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Dawn Staley

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Title: Dawn Staley  
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Subject: Lisa Leslie, Chamique Holdsclaw, Sheryl Swoopes, Diana Taurasi, Jennifer Azzi
Collection: 1970 Births, Acc Athlete of the Year, African-American Basketball Players, African-American Track and Field Athletes, American Expatriate Basketball People in Brazil, American Expatriate Basketball People in France, American Expatriate Basketball People in Spain, American Women's Basketball Players, Basketball Players at the 1995 Pan American Games, Basketball Players at the 1996 Summer Olympics, Basketball Players at the 2000 Summer Olympics, Basketball Players at the 2004 Summer Olympics, Basketball Players from Pennsylvania, Charlotte Sting Players, Houston Comets Players, Living People, Medalists at the 1996 Summer Olympics, Medalists at the 2000 Summer Olympics, Medalists at the 2004 Summer Olympics, Naismith Memorial Basketball Hall of Fame Inductees, Olympic Basketball Players of the United States, Olympic Gold Medalists for the United States, Olympic Medalists in Basketball, Parade High School All-Americans (Girls' Basketball), Philadelphia Rage Players, Point Guards, Richmond Rage Players, South Carolina Gamecocks Women's Basketball Coaches, Sportspeople from Philadelphia, Pennsylvania, Tarbes Gespe Bigorre Players, Temple Owls Women's Basketball Coaches, Virginia Cavaliers Women's Basketball Players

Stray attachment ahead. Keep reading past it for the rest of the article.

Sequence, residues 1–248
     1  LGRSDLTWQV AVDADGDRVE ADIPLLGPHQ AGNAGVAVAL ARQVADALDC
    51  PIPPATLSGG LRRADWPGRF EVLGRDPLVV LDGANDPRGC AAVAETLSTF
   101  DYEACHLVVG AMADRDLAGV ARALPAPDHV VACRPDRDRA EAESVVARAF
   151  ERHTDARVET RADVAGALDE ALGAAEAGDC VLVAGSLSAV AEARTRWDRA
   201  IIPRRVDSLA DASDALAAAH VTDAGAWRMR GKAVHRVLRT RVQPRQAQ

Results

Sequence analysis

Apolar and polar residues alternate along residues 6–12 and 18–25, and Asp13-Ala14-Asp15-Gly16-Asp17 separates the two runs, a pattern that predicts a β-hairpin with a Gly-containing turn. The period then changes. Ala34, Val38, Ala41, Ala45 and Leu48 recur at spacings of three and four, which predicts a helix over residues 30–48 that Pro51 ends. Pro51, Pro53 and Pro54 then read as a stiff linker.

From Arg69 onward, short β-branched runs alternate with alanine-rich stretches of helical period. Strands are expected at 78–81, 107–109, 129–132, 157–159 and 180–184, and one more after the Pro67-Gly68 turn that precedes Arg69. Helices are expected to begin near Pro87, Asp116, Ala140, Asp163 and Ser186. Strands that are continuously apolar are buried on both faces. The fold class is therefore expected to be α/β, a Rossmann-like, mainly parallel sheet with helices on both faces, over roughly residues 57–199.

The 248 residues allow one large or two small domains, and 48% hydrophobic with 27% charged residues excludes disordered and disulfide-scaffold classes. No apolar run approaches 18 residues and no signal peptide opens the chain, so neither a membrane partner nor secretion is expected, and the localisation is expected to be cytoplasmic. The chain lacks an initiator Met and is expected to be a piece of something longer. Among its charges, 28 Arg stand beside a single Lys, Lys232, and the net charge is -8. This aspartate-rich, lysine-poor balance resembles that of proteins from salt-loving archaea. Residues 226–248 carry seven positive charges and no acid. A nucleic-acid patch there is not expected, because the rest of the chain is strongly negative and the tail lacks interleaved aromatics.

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Dawn Staley

Dawn Staley
South Carolina Gamecocks
Position Head coach
League Southeastern Conference
Personal information
Born (1970-05-04) May 4, 1970
Philadelphia, Pennsylvania
Nationality American
Listed height 5 ft 6 in (1.68 m)
Listed weight 134 lb (61 kg)
Career information
High school Dobbins Tech
(Philadelphia, Pennsylvania)
College Virginia (1988–1992)
WNBA draft 1999 / Round: 1 / Pick: 9th overall
Selected by the Charlotte Sting
Pro career 1999–2006
Position Guard
Number 5
Coaching career 2000–present
Career history
As player:
1996–1998 Richmond / Philadelphia Rage
1999–2005 Charlotte Sting
2005–2006 Houston Comets
As coach:
2000–2008 Temple
2008–present South Carolina
Career highlights and awards

As player:

As coach:

  • Atlantic 10 Coach of the Year (2004, 2005)
  • SEC Coach of the Year (2014, 2015)
Stats at
Basketball Hall of Fame as player
Women's Basketball Hall of Fame